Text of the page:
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Supreme Court hears arguments on cell phone tracking

[JURIST] The US Supreme Court [official website] on Wednesday heard oral arguments in Carpenter v. United States [docket], a case concerning law enforcement officers' authority to collect an individual's cell phone records to track his movements over an extended period of time.

This case arose from petitioner Timothy Carpenter's conviction for armed robbery, for which he was sentenced [SCOTUSblog report] to 116 days in prison. At trial, the prosecution offered evidence of Carpenter's location during the 127 days surrounding the robberies through cell phone records, which law enforcement obtained without a warrant or consent. Carpenter appealed to the Sixth Circuit and then to the Supreme Court, arguing the officers violated his Fourth Amendment expectation of privacy.

The question [JURIST report] the court is faced with in this case is: "[w]hether the warrantless seizure and search of historical cell phone records revealing the location and movements of a cell phone user over the course of 127 days is permitted by the Fourth Amendment."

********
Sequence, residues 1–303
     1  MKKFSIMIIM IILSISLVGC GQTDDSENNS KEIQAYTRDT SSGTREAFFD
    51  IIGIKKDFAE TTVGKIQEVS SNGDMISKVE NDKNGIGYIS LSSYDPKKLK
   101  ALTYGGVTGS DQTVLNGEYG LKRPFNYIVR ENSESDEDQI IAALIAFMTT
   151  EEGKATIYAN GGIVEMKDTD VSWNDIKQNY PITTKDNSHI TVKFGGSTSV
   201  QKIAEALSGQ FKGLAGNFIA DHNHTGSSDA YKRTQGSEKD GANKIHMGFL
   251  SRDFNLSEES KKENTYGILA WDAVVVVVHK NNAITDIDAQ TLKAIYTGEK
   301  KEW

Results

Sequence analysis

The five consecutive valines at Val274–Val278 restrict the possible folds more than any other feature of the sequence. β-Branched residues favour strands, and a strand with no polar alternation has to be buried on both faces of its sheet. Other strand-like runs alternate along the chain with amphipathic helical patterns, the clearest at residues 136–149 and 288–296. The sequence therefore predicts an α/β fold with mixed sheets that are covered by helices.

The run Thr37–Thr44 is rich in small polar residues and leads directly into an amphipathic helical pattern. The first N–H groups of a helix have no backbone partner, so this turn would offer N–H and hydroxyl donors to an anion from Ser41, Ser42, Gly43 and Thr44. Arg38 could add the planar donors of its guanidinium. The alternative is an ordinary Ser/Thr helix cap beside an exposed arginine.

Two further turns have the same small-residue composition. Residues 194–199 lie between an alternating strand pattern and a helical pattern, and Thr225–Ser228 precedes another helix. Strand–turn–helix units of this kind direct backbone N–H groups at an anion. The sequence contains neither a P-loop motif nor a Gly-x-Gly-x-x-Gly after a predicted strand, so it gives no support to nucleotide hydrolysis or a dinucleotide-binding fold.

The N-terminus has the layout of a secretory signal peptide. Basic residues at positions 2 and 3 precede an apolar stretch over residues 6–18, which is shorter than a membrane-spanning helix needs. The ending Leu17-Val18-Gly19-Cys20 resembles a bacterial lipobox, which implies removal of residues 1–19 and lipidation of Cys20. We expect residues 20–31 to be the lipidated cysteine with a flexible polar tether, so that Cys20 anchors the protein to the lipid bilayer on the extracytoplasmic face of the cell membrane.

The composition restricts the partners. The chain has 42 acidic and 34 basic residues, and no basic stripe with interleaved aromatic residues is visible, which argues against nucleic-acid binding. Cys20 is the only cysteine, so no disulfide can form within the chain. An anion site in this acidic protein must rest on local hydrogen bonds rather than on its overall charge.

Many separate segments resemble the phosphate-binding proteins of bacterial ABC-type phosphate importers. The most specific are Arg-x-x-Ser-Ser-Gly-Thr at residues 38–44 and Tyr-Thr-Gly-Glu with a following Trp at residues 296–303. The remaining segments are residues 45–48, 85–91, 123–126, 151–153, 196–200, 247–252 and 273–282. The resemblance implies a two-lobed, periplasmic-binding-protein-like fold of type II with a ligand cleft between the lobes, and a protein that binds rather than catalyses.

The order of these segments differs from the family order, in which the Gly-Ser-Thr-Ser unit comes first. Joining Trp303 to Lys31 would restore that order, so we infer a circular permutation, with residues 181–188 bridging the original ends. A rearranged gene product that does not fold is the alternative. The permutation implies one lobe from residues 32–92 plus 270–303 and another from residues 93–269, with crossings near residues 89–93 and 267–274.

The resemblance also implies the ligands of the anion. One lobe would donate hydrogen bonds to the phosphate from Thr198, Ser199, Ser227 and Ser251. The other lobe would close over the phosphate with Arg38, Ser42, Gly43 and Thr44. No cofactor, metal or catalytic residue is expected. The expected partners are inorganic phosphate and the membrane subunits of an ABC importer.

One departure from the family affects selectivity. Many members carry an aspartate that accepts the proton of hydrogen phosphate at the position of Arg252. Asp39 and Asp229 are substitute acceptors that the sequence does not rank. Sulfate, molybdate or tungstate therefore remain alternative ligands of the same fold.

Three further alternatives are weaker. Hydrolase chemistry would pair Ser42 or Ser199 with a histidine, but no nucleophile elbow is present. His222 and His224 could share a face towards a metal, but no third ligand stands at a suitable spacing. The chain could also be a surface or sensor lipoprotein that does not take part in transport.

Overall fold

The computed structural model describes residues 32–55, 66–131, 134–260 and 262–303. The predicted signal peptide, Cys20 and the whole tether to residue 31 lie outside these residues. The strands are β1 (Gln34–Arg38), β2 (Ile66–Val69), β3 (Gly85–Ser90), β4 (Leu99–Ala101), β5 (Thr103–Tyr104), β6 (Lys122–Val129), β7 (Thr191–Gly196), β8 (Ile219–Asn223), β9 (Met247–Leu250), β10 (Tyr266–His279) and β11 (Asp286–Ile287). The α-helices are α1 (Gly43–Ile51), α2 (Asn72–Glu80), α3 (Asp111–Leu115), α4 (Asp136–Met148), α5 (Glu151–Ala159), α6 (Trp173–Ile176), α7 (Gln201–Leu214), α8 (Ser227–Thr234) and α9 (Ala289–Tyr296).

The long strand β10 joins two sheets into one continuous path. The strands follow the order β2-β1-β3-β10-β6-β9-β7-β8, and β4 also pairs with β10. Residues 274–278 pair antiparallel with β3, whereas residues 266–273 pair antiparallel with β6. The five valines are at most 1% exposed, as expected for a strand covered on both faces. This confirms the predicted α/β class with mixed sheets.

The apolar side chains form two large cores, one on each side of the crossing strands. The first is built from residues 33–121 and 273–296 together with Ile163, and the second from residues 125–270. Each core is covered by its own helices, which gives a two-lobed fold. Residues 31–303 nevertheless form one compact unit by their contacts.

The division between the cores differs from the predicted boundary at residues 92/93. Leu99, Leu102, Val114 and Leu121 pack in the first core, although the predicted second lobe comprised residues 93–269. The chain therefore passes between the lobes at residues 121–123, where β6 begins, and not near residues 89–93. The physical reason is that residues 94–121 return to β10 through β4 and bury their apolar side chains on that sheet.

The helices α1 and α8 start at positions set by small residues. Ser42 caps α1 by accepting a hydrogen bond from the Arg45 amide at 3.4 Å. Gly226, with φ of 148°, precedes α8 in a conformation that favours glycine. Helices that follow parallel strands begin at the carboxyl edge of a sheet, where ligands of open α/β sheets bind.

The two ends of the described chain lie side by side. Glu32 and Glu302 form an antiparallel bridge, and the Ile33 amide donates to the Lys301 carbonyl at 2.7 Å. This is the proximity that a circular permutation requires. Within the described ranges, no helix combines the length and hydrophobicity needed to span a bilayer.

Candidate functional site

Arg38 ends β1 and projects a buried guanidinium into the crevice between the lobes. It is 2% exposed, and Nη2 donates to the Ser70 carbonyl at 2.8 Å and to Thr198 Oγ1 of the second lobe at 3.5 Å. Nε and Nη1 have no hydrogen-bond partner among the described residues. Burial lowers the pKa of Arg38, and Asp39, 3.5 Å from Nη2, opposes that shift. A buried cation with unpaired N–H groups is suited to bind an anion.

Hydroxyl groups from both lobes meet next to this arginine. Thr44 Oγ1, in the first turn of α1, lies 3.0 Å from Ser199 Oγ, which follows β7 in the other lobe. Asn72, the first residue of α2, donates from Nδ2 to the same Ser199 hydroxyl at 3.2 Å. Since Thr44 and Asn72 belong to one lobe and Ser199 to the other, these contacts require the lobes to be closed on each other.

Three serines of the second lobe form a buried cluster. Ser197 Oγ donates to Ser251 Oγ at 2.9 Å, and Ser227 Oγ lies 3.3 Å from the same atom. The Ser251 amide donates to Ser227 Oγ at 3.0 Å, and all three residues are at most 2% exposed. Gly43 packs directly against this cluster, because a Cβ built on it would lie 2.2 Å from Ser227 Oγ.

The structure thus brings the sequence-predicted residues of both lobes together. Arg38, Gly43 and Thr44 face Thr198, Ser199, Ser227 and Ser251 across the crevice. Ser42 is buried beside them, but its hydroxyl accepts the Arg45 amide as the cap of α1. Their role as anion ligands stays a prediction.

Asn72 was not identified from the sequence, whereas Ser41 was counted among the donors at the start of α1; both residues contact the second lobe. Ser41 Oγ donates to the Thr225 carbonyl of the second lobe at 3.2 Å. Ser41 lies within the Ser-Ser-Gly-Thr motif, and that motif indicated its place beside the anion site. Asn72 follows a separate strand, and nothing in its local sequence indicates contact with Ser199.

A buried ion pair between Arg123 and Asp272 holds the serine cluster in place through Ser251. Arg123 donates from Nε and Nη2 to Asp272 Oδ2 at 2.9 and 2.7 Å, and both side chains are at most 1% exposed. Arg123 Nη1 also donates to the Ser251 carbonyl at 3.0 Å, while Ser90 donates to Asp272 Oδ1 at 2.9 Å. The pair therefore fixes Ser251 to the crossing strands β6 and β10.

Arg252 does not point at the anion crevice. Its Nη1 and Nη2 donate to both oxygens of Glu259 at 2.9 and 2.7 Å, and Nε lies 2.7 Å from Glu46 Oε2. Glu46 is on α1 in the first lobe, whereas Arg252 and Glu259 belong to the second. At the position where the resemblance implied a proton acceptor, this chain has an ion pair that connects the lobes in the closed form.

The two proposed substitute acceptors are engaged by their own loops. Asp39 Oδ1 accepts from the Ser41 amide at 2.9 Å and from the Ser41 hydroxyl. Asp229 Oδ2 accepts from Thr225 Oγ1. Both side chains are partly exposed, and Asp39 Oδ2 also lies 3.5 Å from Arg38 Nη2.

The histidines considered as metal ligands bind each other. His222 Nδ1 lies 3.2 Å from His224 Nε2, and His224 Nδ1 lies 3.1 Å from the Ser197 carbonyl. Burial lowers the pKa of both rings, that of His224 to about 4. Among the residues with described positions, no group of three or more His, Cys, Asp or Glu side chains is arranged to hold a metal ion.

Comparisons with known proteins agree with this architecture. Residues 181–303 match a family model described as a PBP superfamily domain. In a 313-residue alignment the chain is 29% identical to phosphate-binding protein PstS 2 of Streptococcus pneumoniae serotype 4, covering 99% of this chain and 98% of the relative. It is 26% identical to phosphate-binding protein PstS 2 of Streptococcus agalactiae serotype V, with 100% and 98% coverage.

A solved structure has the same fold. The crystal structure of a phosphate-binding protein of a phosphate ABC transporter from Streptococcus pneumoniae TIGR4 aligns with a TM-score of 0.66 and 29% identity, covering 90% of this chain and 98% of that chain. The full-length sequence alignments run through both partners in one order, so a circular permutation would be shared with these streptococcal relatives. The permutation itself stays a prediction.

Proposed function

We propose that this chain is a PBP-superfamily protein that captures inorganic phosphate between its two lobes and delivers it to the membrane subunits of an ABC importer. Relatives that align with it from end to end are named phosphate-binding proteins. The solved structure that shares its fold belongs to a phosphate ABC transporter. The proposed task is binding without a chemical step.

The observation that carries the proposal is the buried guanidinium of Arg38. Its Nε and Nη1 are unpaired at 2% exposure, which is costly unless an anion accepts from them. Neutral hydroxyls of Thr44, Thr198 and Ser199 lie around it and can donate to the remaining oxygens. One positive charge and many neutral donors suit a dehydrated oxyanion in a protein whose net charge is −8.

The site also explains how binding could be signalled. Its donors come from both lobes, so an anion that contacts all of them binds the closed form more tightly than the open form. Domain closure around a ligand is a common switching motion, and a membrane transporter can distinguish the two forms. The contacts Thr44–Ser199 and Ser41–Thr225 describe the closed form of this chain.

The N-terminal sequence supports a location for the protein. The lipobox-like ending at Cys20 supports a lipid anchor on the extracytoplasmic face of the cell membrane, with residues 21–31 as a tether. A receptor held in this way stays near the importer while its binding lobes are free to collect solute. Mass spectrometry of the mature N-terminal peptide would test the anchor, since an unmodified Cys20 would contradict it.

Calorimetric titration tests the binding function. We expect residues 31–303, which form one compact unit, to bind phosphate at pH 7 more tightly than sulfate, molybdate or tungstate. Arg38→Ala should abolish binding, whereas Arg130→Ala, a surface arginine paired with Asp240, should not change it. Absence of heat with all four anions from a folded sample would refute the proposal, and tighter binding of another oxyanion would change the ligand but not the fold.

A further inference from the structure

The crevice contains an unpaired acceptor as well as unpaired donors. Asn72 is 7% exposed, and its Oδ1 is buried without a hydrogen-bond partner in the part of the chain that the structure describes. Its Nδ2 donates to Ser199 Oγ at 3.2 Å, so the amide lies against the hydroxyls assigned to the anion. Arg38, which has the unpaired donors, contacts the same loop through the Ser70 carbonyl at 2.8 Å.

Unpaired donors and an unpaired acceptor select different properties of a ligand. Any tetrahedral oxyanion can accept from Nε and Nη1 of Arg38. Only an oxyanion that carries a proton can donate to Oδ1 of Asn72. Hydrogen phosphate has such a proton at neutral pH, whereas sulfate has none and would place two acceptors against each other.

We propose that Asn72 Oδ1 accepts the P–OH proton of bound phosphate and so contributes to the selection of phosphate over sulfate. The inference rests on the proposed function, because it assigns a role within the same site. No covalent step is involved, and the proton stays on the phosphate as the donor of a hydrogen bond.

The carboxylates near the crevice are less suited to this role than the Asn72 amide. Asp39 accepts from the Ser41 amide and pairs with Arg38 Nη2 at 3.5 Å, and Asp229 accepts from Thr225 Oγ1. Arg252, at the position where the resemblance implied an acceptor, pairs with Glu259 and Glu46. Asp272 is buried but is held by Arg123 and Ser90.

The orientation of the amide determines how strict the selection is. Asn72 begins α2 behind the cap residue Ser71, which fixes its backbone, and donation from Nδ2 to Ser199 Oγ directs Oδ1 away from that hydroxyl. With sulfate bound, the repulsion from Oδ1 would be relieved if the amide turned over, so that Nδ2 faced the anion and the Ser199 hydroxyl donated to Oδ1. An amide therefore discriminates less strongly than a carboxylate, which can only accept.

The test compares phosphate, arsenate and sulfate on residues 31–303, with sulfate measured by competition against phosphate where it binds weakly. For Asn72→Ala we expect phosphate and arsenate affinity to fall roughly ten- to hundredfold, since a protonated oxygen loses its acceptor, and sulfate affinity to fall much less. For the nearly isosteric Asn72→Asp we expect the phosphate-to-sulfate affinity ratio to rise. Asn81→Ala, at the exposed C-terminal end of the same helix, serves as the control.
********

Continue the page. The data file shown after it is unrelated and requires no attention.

During arguments [text, PDF], Carpenter argued such a search is unreasonable due to the nature of cell phone record production and the span of time the records were obtained for. In comparing cell phone records to bank statements (which law enforcement may also obtain) Carpenter argues that less expectation of privacy is associated with bank statements, than cell phone records:

the information in bank records can be quite sensitive, but what it cannot do is chart a minute-by-minute account of a person's locations and movements and associations over a long period regardless of what the person is doing at any given moment.
The government, on the other hand, argued cell phone records do not create a higher expectation of privacy and that their position is in line with the court's precedent concerning the third party doctrine and collection of evidence without a warrant, stating: "[collecting cell phone records] is asking a business to provide information about the business's own transactions with a customer."

The justices' comments seem to show more support for Carpenter, but if the court renders a decision in his favor, it will create a new, more defined precedent concerning the third-party doctrine and Fourth Amendment searches.

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